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Mobility on the path to the future

Shared mobility, intermodal travel chains, sustainable traffic planning and micromobility – the range of keywords on the topic of "future mobility" is endless. But to continue the theme, where is the journey headed? One thing above all is clear right now: a lot is happening in the mobility sector. This is also having an effect on the underlying financial transaction processes.

Experts agree: transport in cities as well as rural areas will change radically in the coming years, and indeed must. Here, the key question is what might this change actually look like. Which forms of transport and business models (direct sales, subscriptions and sharing) will continue to exist in the long term? Will just a few major players dominate the sector? Or will the market continue to be as dynamic and diverse as it has been? And how can the greatest of all hurdles be overcome – i.e. motivating people to make the mobility transformation reality?

The fact that this can work is shown, for example, by the “Mobility Futures: 2030 Forecast” study by Kantar. According to the market research institute, the mobility turning point will be reached in major cities in 2030. At that point, more people will switch to cycling or public transport, or even go on foot, than people driving cars. This is precisely what is also urgently needed. After all, many cities are facing imminent gridlock. Even in rural areas, there needs to be functional alternatives to personal cars if mobility is to become more climate-friendly.


Car sharing plays a big role

However, cars have so far dominated mobility as well as the vast majority of sharing models. They are intended to motivate people in cities and rural areas to either leave their car at home or share it to prevent gridlock in city centers and reduce the impact on the environment.

The sharing market is fiercely contested, with a huge and extremely fast-paced array of services. This ranges from small and local car-sharing start-ups through to major providers backed by car manufacturers, as well as mobility platforms – from Uber through to local services like the Hamburg shared-taxi project “Moia”. The example “Share now” shows just how dynamic these developments are: the car-sharing cooperation between BMW and Daimler is a free-floating model that does without fixed stations for its cars. Having only been launched in ten European countries last year, “Share now” is already pulling out of a third of its locations. These gaps are instead being filled by local providers.

Another approach is being taken by the platform “Eco Fleet Services”, a cooperation between the City of Heidelberg, the University of Esslingen and the University of Hohenheim, headed by the Fraunhofer Institute for Industrial Engineering. From this year, the platform is running trials in Heidelberg to see how company mobility – i.e. company cars combined with external car-sharing providers and public transport – can be used efficiently and operated sustainably.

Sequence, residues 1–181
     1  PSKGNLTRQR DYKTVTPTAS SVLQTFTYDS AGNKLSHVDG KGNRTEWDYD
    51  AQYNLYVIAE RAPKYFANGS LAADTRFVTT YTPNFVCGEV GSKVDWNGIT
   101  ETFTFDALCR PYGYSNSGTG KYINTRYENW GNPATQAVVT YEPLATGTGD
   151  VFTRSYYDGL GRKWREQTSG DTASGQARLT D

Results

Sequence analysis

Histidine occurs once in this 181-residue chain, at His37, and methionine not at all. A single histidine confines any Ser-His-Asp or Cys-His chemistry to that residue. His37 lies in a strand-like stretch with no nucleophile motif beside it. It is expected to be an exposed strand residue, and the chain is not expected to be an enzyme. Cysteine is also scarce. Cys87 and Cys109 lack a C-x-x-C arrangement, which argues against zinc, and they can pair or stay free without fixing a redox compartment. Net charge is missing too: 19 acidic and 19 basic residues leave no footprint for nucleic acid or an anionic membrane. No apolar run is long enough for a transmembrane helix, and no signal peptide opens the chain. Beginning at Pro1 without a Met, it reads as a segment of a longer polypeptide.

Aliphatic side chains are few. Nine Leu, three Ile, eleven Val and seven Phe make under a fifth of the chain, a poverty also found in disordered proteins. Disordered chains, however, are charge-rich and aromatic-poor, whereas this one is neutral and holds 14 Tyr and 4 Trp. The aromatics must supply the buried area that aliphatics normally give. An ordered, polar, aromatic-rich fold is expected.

Micromobility on the advance

Despite the prevalence of cars, alternatives are slowly growing out of their niches. Rental bikes have already been around in huge numbers for quite some time. In the summer of 2019, they were also joined by the first e-scooters and light electric vehicles like Vespas or mopeds in selected European cities. Nonetheless, scooters and similar options will not bring about the mobility transformation alone. But they do have the potential to become an important component of new electric mobility. Particularly in smaller cities or residential areas, as part of the travel chain to get to the nearest train station, for example.


How cities and communities can manage mobility

The mobility transformation does not lie solely in the hands of providers. Change is also needed at the political level. Cities and communities must address the topic to reduce traffic and environmental impact. Gaps in public transport outside city centers also have to be filled. This will only work with well-considered transport concepts tailored to local conditions. Most importantly, attractive alternatives to cars are needed that are also adopted by the public.

The city of Freiburg is a pioneer in this respect. All mobility offers available in the city are combined in a central app – car-sharing, public transport timetables, rental bikes and bike parking facilities. The Hessen Rhine-Main Transport Association recently introduced a low-cost annual ticket for senior citizens, while Luxembourg made local public transport free for everyone. There are all kinds of possibilities.


Simplifying complexity

Not only are these simplification efforts important for successful mobility services, but also for the underlying financial transaction processes, including flexible billing models, dunning and debt collection. The fee models of providers can be just as varied as their offerings. For instance, sharing services may charge per kilometer, day, hour or minute, with prices varying depending on the time of day and users per journey, all combined into a bill. This raises the question of how all this can be consolidated to make life easier for users. The Swedish mobility app UbiGo shows how this can be done. It bundles the fees for different modes of transport into a single bill. With its mobility clearing services, Arvato Financial Solutions likewise has a comprehensive solution available for subscription and order-to-cash, which is highly suited to sharing models. It’s vital to keep a close eye on the sharing market.







Kantar: Mobility Futures, 2030 Forecast, https://www.kantartns.de/presse/pdf/presse/20200211-kantar-mobility-futures-forecast-infographic.pdf









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